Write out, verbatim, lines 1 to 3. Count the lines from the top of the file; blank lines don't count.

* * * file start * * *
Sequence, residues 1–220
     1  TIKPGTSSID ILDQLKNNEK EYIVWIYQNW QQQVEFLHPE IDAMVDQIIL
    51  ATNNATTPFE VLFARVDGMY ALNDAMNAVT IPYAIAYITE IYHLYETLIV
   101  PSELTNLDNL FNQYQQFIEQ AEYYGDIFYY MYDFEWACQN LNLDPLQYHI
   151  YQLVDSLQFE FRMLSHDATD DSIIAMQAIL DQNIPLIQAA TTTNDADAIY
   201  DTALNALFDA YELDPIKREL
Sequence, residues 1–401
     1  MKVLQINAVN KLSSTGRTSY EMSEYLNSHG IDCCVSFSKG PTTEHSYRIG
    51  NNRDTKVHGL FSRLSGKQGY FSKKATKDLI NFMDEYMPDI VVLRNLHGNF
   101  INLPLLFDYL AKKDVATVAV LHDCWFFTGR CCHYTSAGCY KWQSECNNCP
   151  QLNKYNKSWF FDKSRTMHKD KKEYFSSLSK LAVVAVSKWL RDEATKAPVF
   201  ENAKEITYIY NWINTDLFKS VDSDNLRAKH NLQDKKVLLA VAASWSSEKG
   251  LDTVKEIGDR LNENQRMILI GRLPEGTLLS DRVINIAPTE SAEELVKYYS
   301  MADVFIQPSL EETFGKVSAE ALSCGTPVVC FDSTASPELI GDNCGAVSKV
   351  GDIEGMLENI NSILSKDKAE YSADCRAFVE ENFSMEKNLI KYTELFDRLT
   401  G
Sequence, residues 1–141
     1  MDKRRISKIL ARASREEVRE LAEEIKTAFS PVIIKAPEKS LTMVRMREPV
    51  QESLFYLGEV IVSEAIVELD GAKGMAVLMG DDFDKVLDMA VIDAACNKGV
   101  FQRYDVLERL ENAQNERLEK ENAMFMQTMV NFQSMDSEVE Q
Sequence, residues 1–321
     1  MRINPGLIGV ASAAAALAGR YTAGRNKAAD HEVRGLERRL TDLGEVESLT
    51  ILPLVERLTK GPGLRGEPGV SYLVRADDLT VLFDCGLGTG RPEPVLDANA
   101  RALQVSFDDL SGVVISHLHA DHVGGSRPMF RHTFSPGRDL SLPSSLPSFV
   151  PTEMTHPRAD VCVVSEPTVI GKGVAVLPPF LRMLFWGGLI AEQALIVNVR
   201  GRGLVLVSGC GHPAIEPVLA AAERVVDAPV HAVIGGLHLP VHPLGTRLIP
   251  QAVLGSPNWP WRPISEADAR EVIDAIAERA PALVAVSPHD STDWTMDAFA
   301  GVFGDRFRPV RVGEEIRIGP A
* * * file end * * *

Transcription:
Sequence, residues 1–220
     1  TIKPGTSSID ILDQLKNNEK EYIVWIYQNW QQQVEFLHPE IDAMVDQIIL
    51  ATNNATTPFE VLFARVDGMY ALNDAMNAVT IPYAIAYITE IYHLYETLIV